IRIN reports on efforts to better address moderate acute malnutrition

Aid groups in West Africa are trying out new strategies and products for treating moderate acute malnutrition (MAM) as part of a U.N.-led effort to change 30 year old policies, IRIN reports.

Different approaches are currently being researched in Chad, Mali and Niger. Robert Ackatia, a researcher in the Mali capital Bamako, said one of the main goals of a project he is working on is to develop a global protocol for treating MAM, like the one that exists for severe malnutrition.

"Nutrition advisers say tackling MAM calls for huge resources, given the numbers, but that effective prevention and treatment could save a significant number of children from becoming severely malnourished," the news service writes. UNICEF nutrition adviser for West and Central Africa Felicite Tchibindat said, "It is clear that if we just concentrate on treating severely acute malnourished children we will never solve the issue, because we will not deal with these high numbers of moderately malnourished children."

The article also looks at the challenges associated with obtaining funding for MAM research and other concerns that arise when dealing with MAM (9/10).

WFP Has Invested $14M In Ugandan Nutrition Programs, Official Says
The World Food Programme (WFP) has invested up to $14 million to fund nutrition programs in Uganda, Stanlake Samkange, the WFP country director, said recently, the Daily Monitor reports.

"While this year WFP will spend over $9 million on more traditional programmes including the school meals' programmes aimed at addressing food insecurity in the Karamoja region, it has also made important longer term investments in nutrition security in line with Uganda's National Development Plan," Samkange said. He added, "WFP's traditional emergency support to disaster-affected populations, combining nutrition with agriculture is a key part of WFP's efforts to help the government eradicate hunger" (Lirri, 9/10).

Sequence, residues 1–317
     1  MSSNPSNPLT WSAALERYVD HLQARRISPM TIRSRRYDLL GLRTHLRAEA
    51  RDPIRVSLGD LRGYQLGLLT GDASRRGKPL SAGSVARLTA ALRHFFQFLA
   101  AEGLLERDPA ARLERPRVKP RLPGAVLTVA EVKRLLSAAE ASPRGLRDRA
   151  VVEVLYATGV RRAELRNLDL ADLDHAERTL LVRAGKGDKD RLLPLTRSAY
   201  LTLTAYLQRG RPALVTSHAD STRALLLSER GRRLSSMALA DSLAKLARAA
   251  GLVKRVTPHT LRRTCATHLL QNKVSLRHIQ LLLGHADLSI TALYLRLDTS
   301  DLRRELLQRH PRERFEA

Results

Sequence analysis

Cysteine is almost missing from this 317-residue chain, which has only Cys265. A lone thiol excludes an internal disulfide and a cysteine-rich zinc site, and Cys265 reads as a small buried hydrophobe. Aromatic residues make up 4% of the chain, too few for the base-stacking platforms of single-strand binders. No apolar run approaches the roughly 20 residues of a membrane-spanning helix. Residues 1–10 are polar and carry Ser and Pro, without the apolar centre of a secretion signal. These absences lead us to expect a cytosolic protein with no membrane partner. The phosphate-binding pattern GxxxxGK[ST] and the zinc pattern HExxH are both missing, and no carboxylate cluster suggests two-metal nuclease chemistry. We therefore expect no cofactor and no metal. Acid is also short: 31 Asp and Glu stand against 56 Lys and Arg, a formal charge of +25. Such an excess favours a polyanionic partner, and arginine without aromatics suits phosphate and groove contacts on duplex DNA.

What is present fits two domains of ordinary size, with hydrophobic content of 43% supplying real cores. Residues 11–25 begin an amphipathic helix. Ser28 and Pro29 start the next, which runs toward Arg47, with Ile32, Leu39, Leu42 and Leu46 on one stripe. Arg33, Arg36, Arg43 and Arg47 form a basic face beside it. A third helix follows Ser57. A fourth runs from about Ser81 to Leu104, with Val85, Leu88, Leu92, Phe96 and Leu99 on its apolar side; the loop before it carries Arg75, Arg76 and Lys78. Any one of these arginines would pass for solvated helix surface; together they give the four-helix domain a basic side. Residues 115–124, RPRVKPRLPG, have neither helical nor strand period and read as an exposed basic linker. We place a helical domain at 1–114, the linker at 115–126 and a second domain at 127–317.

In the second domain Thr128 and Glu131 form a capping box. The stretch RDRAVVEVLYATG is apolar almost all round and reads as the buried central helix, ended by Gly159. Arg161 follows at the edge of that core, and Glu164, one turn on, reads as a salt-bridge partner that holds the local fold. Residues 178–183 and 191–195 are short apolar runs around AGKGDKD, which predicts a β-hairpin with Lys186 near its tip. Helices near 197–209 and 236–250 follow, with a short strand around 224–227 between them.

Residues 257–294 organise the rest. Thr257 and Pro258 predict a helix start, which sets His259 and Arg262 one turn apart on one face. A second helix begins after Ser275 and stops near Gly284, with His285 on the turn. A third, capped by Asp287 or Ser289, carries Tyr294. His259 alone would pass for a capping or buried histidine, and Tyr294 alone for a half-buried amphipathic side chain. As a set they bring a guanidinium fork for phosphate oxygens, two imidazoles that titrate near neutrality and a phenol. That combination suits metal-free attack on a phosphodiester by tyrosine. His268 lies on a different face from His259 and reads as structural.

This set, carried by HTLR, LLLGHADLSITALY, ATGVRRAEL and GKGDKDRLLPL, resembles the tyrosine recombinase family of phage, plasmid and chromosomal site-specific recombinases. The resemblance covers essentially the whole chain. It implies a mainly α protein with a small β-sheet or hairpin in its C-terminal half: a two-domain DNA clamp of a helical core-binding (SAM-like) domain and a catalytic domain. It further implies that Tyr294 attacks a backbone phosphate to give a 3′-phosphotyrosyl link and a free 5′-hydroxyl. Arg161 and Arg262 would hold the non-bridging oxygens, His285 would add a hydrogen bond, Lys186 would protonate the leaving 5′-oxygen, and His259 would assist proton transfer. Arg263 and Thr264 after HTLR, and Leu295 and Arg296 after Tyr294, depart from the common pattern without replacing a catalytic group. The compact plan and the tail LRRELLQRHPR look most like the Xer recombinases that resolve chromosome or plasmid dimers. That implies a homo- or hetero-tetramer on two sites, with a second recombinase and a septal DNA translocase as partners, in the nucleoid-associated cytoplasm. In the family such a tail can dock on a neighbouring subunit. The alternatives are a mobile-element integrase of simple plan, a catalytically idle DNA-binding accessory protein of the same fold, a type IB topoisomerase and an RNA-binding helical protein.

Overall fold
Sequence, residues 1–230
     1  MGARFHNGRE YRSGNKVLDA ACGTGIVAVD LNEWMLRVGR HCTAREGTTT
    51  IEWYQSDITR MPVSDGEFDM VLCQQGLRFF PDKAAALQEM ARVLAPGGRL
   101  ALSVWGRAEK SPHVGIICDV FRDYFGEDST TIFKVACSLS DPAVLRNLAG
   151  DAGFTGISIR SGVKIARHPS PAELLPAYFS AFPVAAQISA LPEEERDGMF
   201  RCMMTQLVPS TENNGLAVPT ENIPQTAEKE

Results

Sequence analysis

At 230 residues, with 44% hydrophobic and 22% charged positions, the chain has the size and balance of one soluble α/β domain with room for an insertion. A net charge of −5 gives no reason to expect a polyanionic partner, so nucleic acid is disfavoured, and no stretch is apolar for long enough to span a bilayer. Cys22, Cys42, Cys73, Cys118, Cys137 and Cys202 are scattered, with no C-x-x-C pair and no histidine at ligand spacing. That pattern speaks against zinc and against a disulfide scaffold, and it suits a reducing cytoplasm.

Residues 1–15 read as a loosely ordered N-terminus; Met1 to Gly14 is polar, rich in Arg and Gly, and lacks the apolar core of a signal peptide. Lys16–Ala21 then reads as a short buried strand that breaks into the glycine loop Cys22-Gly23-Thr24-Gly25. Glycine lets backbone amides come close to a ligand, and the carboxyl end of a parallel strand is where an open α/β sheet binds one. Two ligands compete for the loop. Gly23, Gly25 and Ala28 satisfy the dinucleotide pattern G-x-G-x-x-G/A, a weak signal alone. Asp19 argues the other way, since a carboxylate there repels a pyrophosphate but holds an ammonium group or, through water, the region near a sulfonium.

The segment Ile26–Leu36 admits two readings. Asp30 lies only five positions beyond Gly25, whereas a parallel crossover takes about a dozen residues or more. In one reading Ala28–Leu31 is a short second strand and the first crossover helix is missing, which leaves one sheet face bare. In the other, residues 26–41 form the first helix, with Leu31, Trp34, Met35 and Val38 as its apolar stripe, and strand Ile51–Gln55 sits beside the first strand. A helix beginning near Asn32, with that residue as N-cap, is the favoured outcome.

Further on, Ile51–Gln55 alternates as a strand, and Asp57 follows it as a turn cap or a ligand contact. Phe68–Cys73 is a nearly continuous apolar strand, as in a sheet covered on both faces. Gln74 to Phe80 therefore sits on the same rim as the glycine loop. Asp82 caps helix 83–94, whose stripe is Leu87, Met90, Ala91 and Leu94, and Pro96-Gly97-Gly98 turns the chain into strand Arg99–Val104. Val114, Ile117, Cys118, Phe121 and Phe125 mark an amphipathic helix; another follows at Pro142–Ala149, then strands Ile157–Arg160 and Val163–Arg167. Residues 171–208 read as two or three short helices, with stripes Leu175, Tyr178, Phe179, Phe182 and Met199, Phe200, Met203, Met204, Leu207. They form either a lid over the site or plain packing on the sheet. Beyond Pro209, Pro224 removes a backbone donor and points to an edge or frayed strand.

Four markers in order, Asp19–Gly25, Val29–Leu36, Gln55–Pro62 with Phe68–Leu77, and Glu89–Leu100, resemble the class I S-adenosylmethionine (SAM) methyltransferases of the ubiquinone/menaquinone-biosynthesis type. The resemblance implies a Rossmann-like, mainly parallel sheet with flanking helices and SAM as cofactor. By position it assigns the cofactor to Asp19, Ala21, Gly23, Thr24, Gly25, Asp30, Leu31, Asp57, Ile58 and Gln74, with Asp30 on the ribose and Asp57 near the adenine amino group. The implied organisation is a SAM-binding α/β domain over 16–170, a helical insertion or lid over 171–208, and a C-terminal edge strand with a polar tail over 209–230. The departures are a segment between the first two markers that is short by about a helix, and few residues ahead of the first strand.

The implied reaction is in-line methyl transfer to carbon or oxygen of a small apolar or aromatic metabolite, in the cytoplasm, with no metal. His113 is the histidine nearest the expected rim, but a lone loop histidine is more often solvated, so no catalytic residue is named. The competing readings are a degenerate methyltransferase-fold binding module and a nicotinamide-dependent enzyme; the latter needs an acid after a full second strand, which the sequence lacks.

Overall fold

USAID Donates $46M To Combat Malnutrition In Burundi
USAID said in a statement on Thursday that it "has donated $46 million to Burundi, to prevent and reduce child malnutrition," Reuters reports.

"Fifty thousand women and children in two poor eastern provinces affected by chronic malnutrition will benefit from the aid in the next five years, the USAID said in a statement" (9/9).

Kaiser Health NewsThis article was reprinted from with permission from the Henry J. Kaiser Family Foundation. Kaiser Health News, an editorially independent news service, is a program of the Kaiser Family Foundation, a nonpartisan health care policy research organization unaffiliated with Kaiser Permanente.


The opinions expressed here are the views of the writer and do not necessarily reflect the views and opinions of News Medical.
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